Cosplay - How to Choose Your Costume: The Art of Choosing your Second Self
Are you the chosen one that has been prophesied about or should we expect another? What is your name? Where do you come from? …ummm is that a cape or your grand-ma-ma's tea towel? Most of this advice is for new cosplayers, but even for the veterans, choosing your costume can be a daunting decision. There is no set way to choose your next outfit but here are some things to help narrow down your next cosplay.
1. What are you into right now or your all-time favourite series, book, comic, or movie?For me that's a no brainer… all-time comic slash movie character is Batman. By choosing a character that you know, love and care about the character you are more readily able to switch in and out of it's persona. You will be familiar with their quirks, talents and flaws and most importantly their best lines. Always useful when you have to make a dramatic entrance or exit… hasta la vista BABY!
|Cosplay The Dark Knight: Batman|
2. Do you have what it takes to pull it off?It is a great advantage to have some natural resemblance to a character you wish to cosplay. I'm Asian with an athletic build, so while I could get away, perhaps only in my fantasy, with dressing up as Superman, I'd probably do better cosplaying Goku from DragonBallZ or even Ryu from Street Fighter. Resembling your character certainly isn't necessary, but it does help at events if you want to get photographed more. Remember, when you own your character you are more likely to make pull if off.
3. Which character or design is you?I love the charisma of the Dark Knight, his cool gadgets and the car… chicks dig the car. Definitely Christopher Nolan's take on the Caped Crusader would be my alter ego. I wish I was Superman or Wolverine, but they just aren't me.
4. How much effort are you willing to put into the costume? What's your skill level?You can certainly get costumes "off the rack" or order them online. If you do make sure you check the measurements and allow sufficient time for delivery. If you're more advanced you can make your own parts and buy accessories. Making Boba Fett's Mandalorian helmet from scratch may win you kudos, but is it worth the effect. Do you need to commission a wig specialists to achieve Goku's Super Saiyan hair or is a can of hair spray and bleach sufficient?
|Cosplay DragonBallZ: Goku - Super Saiyan|
5. Do you have a budget?Make sure you assess the version of the costume of your character. Cosplay is fun, but not always cheap, but you don't have to smash the piggy bank to look great! A basic "off the rack" polyester Spider-man may set you back $50, but if you want a custom fitted spandex outfit with prosthetic muscles and bulges in all the right places you may need to spend quite a lot more. Having said that if you spend money on a pricey but high-quality costume it should last you several outings but you must take care of it. One tip is to avoid too many lightsabre duals, but also ensure you have room in your wardrobe, to avoid tangling or creases and ensure that you can store the parts so they don't get crushed. An indirect cost to be aware of, when creating your own costume, is buying tools, equipment or apparatus to create the parts. If you don't have a sewing machine, buying a decent machine can set you back several hundred dollars. Other items may include spray gun, quality fabric cutting scissors, clothes iron etc.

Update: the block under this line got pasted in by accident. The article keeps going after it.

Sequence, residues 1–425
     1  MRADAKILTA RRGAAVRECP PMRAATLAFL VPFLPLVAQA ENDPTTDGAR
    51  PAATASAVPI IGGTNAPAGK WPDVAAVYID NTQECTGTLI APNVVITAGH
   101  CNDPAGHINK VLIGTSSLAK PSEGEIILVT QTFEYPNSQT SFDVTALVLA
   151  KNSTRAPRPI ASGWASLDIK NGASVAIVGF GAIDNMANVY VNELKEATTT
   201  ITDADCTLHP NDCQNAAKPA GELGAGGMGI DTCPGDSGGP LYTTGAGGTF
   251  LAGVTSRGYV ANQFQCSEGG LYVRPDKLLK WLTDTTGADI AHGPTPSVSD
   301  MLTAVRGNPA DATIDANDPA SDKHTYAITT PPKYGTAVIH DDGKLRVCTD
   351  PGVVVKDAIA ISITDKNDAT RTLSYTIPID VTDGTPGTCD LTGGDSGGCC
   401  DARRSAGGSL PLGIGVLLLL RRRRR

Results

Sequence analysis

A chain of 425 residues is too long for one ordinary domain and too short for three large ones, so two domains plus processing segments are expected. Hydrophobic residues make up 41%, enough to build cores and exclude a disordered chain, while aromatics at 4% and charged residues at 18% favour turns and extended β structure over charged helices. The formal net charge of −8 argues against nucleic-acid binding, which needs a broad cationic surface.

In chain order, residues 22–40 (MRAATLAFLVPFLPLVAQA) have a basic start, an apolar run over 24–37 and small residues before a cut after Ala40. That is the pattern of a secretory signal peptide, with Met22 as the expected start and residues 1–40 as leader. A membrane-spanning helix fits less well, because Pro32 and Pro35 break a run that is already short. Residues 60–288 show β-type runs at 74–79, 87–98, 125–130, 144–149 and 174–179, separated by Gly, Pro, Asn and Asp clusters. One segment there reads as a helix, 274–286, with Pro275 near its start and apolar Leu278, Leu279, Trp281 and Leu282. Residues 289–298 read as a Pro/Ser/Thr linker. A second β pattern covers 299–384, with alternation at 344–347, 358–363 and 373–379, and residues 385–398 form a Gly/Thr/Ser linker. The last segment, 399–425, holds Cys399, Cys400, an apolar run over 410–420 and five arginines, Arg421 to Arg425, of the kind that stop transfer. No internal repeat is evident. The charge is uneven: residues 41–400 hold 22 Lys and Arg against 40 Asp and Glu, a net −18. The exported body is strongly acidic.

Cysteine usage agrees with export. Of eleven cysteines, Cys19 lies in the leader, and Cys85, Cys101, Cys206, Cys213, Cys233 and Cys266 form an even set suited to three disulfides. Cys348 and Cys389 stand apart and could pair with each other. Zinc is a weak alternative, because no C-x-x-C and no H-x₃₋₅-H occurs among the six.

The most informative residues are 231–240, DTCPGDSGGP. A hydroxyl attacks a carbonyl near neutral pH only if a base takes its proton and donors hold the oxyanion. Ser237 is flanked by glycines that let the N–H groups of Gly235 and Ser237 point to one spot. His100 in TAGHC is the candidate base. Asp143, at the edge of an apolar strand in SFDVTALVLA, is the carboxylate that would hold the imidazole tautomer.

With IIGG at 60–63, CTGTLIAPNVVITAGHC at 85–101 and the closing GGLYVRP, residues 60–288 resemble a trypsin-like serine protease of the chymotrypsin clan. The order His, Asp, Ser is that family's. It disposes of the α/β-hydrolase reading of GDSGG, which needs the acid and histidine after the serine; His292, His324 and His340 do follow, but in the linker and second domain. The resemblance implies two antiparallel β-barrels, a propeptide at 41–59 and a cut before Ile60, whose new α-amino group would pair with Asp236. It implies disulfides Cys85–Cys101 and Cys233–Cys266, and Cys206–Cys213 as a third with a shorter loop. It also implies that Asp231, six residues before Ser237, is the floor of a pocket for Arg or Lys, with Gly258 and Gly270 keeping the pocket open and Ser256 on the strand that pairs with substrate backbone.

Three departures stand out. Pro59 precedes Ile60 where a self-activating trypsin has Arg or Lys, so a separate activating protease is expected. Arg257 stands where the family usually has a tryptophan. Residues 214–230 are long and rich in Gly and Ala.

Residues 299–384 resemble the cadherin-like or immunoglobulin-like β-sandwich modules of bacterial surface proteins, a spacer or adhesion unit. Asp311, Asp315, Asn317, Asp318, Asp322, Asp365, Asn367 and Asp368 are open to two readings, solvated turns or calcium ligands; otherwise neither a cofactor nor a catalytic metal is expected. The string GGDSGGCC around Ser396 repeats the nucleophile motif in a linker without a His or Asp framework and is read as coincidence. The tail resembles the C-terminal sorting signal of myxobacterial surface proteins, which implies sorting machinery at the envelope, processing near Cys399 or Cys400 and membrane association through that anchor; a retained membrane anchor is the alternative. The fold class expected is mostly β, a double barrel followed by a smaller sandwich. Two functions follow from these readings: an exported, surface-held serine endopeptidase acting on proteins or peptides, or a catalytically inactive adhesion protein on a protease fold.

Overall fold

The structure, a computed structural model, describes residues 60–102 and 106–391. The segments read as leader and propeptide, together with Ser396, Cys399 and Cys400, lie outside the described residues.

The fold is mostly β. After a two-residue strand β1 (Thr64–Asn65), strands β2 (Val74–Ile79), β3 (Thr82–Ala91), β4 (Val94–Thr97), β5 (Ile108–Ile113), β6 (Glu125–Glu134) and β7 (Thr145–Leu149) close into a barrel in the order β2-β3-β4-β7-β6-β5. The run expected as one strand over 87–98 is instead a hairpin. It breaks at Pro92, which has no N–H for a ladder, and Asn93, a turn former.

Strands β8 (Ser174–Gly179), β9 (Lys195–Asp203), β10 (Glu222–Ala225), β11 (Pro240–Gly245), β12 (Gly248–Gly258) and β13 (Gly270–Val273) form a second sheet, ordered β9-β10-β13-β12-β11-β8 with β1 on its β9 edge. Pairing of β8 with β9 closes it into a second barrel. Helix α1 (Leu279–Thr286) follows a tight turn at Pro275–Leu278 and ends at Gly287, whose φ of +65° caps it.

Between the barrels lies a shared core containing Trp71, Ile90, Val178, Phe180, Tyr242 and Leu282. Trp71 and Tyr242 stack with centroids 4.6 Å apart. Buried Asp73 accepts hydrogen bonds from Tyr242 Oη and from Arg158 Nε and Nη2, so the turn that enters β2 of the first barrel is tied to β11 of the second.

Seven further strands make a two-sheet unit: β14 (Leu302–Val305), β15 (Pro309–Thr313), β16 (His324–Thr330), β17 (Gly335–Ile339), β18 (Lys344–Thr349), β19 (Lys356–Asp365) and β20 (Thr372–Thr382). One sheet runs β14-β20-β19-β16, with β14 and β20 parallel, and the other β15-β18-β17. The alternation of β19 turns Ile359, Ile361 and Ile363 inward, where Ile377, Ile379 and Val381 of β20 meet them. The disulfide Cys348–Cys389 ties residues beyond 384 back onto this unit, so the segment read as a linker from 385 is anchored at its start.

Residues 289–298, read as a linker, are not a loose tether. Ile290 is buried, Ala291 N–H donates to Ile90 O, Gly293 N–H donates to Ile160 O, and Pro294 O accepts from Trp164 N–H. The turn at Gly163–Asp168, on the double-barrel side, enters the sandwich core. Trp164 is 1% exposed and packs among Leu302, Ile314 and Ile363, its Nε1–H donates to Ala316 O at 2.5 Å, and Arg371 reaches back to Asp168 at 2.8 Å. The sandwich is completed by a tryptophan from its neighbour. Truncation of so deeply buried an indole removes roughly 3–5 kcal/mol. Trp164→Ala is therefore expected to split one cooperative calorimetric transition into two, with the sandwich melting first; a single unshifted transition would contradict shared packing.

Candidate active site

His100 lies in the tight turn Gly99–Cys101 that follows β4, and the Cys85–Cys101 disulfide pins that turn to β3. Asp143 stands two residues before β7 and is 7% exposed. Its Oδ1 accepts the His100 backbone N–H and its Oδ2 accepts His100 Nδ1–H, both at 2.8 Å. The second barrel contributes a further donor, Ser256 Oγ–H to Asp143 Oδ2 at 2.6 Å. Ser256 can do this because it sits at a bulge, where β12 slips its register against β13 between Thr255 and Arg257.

6. Do you have a deadline?Then plan ahead! If you have a short buzz cut head of hair like me, it make take several months to grow a decent length of hair to cosplay John Wick. Not to mention I having to time my "five o'clock shadow" to be on queue on convention day. Bigger costume projects can take weeks or months to get right. If there are parts that are complicated or overly intricate allow some buffer time just in case of a wardrobe malfunction. Even buying "off the rack" you may run into hurdles, the store may be out of stock of a particular part so delivery may take some days or weeks. Likewise if you are ordering online, delivery times may be pushed out if it gets held up in customs, especially if are ordering items that are deemed as weapons.
7. Would you feel comfortable wearing the costume?To pull off a brilliant cosplay you need to love everything about your alter ego. Don't be in a costume that makes you uncomfortable. It doesn't matter whether you are a super-model or a plus-size lady, if you're not comfortable wearing a skimpy Sailor Moon uniform and making silly love heart eyes, you're not going to do your character justice. If you don't like the amount of skin a character shows, alter the costume to suit your needs or select another character. Similarly, if you're like me and only 5'7", you're not going to invoke a whole lot of fear dressing up as a Wookie, but if you're happy to get comments like "oh that a cute little Wookie…" or "aren't you a little short for a Wookie?" then go for it! Something I need to emphasise is do not attempt to lose or gain large amounts of weight just for the cosplay. Whether you are plus size or you've lost weight and looking buff, your costume should celebrate who you are and your body shape. If you are trying to achieve a particular size or weight for cosplay, set realistic goals and try to meet them over time. Consult your doctor before you attempt drastic changes to your weight or body shape.
|Cosplay Wonder Woman|
Remember don't lose sight of why you're cosplaying. The whole purpose of cosplay is about having fun, making costumes and dressing up… and, for a brief time, be child-like, escape reality and become larger than life.
About the Author: TuiSiong Hie
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